Page 10 was added to the list of the calamities which the natives had, in English view, brought on themselves. Charles Edward Trevelyan, the Head of the Treasury during the famines, expressed his belief that Britain had done what it could for Ireland, even as the famine - with little public relief - killed rampantly, and even as ship after ship, laden with wheat, oats, cattle, pigs, eggs and butter, sailed down the Shannon, bound for England (which had greater purchasing power than starving Ireland and could buy what the Irish - hit by the potato blight - could not afford). Trevelyan also pointed to some remarkable cultural explanations of the hunger, including: "There is scarcely a woman of the peasant class in the West of Ireland whose culinary art exceeds the boiling of a potato."24 The connection between cultural bigotry and political tyranny can be very close. The asymmetry of power between the ruler and ruled can be combined with cultural prejudices in explaining failures of governance, as is spectacularly observed through the Irish famines of the 1840s.25 Similar use of cultural prejudice for political irresponsibility (or worse) can also be seen in the history of European empires in Asia and Africa. Winston Churchill’s famous remark that the Bengal famine of 1943 was caused by the tendency of people there to "breed like rabbits" belongs to this general tradition of blaming the colonial victim, and it had a profound effect in crucially delaying famine relief in that disastrous famine.26 Cultural critiques of the victims can be used by the rulers to justify hugely inefficient - as well as deeply iniquitous - tyrannies. 5. Cultural Determinism While the marriage of cultural prejudice and political asymmetry can be quite lethal, the need to be cautious about jumping to cultural conclusions is more pervasive. It can even influence the way experts see the nature and challenges of economic development. Theories are often derived from fairly scanty evidence. Half-truths or quarter-truths can grossly mislead - some times even more than straightforward falsity, which are easier to expose. Consider, for example, the following argument from the influential and important book jointly edited by Lawrence Harrison and Samuel Huntington called Culture Matters (to which I referred earlier), and in particular from Huntington’s introductory essay in that volume called "cultures count": In the early 1990s, I happened to come across economic data on Ghana and South Korea in the early 1960s, and I was 24 25

See Woodham-Smith (1962), p. 76. On this see Woodham-Smith (1962), Mokyr (1983), O Grada (1989), and Eagleton (1995). 26 Churchill also explained that his job in governing India was made difficult by the fact that Indians were "the beastliest people in the world, next to the Germans" (see Roberts 1994, p. 213).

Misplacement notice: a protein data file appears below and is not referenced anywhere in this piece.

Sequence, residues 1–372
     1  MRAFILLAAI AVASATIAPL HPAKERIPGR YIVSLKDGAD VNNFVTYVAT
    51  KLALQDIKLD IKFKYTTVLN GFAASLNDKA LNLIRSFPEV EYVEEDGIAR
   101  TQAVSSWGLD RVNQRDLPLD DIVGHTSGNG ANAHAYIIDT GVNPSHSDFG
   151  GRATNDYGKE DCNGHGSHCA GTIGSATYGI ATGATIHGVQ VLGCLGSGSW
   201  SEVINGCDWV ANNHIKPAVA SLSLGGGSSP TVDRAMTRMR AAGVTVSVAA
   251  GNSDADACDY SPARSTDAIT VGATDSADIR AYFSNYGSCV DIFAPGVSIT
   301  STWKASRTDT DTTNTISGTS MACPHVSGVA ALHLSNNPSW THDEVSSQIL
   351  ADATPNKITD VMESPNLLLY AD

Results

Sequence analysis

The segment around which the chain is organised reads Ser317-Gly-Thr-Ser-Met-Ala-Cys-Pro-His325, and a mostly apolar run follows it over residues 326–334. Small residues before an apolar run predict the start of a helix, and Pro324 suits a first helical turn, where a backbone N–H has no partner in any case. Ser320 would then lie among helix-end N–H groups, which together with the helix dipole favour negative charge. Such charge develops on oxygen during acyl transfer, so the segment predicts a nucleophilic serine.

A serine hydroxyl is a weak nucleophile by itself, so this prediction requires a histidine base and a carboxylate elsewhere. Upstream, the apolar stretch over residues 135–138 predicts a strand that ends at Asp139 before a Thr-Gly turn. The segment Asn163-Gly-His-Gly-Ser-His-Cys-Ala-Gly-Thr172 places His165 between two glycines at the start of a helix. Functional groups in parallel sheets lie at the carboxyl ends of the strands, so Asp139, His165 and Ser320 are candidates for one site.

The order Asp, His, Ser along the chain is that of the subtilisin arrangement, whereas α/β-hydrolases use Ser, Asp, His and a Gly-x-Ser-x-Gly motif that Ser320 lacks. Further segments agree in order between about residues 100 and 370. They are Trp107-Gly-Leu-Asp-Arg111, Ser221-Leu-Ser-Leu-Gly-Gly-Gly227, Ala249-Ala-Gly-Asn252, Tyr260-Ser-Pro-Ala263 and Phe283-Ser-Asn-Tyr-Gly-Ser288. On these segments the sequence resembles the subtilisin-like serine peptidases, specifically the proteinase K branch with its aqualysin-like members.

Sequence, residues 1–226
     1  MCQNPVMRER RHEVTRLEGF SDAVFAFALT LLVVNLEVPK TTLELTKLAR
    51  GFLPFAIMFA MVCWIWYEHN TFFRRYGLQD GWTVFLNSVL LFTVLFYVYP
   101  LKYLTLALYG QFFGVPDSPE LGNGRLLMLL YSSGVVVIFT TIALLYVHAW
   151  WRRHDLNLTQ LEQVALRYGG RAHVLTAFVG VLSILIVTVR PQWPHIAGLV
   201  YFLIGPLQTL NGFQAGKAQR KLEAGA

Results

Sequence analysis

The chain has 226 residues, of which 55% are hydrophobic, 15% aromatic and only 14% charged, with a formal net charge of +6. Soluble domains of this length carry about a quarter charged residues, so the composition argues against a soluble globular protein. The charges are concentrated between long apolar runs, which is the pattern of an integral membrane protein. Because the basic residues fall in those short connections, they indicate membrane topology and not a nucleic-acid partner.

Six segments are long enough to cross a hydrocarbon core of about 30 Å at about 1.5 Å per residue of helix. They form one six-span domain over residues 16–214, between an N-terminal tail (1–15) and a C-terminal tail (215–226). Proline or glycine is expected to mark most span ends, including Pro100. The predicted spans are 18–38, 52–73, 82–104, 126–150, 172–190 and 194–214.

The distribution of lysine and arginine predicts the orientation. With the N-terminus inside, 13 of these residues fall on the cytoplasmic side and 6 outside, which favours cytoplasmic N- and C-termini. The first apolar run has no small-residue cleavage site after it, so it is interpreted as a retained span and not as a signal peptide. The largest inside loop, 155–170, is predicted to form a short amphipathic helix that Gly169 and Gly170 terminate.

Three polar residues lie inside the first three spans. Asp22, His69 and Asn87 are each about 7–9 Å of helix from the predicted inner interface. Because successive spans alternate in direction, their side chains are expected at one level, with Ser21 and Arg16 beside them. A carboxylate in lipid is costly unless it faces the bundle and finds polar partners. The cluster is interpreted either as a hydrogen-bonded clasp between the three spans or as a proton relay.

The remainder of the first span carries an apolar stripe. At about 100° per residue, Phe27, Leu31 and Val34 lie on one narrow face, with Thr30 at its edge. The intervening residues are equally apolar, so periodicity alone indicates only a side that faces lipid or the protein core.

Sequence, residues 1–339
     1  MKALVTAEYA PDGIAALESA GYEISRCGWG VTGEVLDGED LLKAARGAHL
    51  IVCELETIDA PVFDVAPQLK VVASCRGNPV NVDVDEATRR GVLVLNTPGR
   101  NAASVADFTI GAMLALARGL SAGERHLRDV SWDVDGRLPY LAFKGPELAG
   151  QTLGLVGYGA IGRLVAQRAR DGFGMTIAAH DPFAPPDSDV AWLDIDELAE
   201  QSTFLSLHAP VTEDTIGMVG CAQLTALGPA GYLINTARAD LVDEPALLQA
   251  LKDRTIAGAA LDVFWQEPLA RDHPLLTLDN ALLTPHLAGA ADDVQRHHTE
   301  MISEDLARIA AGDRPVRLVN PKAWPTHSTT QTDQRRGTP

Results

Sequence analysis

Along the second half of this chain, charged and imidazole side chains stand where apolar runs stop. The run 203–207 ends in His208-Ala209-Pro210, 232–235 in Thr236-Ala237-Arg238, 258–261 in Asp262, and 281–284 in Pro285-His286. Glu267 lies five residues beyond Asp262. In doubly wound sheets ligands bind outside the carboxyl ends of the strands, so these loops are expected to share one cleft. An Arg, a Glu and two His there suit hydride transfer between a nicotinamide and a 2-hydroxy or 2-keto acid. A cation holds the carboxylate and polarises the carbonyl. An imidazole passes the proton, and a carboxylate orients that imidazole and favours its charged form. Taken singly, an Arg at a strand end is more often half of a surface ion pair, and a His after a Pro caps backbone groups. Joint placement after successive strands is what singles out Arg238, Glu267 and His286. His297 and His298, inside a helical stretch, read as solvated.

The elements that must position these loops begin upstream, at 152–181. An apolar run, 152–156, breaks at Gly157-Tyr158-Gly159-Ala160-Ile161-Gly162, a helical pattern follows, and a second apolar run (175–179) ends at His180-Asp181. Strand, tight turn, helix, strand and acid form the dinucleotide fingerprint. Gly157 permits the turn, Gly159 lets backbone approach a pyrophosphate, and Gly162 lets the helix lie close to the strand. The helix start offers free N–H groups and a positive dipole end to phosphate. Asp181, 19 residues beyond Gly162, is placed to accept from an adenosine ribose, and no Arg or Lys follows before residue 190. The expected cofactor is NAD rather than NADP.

Page 11 astonished to see how similar their economies were then. ....Thirty years later, South Korea had become an industrial giant with the fourteenth largest economy in the world, multinational corporations, major exports of automobiles, electronic equipment, and other sophisticated manufactures, and per capital income approximately that of Greece, Moreover it was on its way to the consolidation of democratic institutions. No such changes had occurred in Ghana, whose per capita income was now about one-fifteenth that of South Korea’s. How could this extraordinary difference in development be explained? Undoubtedly, many factors played a role, but it seemed to me that culture had to be a large part of the explanation. South Koreans valued thrift, investment, hard work, education, organization, and discipline. Ghanians had different values. In short, cultures count.27 There may well be something of interest in this engaging comparison (perhaps even a quarter-truth torn out of context), and the contrast does call for probing examination. And yet, as used in the explanation just cited, the causal story is extremely deceptive. There were many important differences - other than their cultural predispositions - between Ghana and Korea in the 1960s when they appeared to Huntington to be much the same, except for culture. First, the class structures in the two countries were quite different, with a very much bigger - and pro-active role of business classes in South Korea. Second, the politics were very different too, with the government in South Korea willing and eager to play a prime-moving role in initiating a business-centred economic development in a way that did not apply to Ghana. Third, the close relationship between the Korean economy and the Japanese economy, on the one hand, and the United States, on the other, made a big difference, at least in the early stages of Korean development. Fourth - and perhaps most important - by the 1960s South Korea had acquired a much higher literacy rate and much more expanded school system than Ghana had. The Korean changes had been brought about in the post-second-world-war period, largely through resolute public policy, and it could not be seen just as a reflection of age-old Korean culture.28 On the basis of the slender scrutiny offered, it is hard to justify either the cultural triumphalism in favour of Korean culture, or the radical pessimism about Ghana’s future that the reliance on cultural determinism would tend to suggest. Neither can be derived from the over-rapid and underanalyzed comparison that accompanies the heroic diagnostics. As it happens, South Korea did not rely just on its traditional culture. From the 1940s onwards, it deliberately followed lessons from abroad to use public policy to advance its backward school education. And it has continued to learn from global experience even today. Sometimes the lessons have come from experience of failure 27 28